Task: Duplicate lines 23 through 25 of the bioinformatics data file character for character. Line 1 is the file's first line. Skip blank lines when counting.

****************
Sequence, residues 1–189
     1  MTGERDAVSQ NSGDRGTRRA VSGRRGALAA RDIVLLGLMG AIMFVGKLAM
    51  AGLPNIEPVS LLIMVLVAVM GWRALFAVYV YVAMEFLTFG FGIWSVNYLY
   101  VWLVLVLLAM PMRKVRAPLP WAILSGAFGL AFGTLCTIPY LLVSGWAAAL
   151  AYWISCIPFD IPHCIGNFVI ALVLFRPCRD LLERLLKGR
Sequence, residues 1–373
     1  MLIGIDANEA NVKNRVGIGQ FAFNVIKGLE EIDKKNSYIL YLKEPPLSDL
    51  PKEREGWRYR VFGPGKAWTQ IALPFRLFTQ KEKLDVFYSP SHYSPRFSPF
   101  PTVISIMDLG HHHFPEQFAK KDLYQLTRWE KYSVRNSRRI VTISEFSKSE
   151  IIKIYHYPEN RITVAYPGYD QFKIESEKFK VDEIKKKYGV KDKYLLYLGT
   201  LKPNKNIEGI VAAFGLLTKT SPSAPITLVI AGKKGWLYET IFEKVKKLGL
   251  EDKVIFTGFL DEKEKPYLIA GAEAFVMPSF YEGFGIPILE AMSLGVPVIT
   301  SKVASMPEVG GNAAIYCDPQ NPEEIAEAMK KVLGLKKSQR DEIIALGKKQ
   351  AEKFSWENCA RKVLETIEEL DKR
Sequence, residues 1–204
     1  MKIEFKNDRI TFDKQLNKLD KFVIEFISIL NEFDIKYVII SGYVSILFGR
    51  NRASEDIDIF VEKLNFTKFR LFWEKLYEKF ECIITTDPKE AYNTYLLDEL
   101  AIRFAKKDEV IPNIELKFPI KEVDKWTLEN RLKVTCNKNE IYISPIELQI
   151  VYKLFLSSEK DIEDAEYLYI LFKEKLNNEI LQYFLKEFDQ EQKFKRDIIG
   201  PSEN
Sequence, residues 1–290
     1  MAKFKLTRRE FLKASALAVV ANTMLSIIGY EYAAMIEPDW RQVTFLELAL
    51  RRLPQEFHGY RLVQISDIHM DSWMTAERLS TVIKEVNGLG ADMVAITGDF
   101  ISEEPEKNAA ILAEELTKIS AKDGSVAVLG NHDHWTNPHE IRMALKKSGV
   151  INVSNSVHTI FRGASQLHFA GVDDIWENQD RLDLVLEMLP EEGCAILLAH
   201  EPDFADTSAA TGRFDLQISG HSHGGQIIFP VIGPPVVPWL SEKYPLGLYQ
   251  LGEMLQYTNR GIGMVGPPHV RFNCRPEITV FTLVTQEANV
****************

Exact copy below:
    51  RRLPQEFHGY RLVQISDIHM DSWMTAERLS TVIKEVNGLG ADMVAITGDF
   101  ISEEPEKNAA ILAEELTKIS AKDGSVAVLG NHDHWTNPHE IRMALKKSGV
   151  INVSNSVHTI FRGASQLHFA GVDDIWENQD RLDLVLEMLP EEGCAILLAH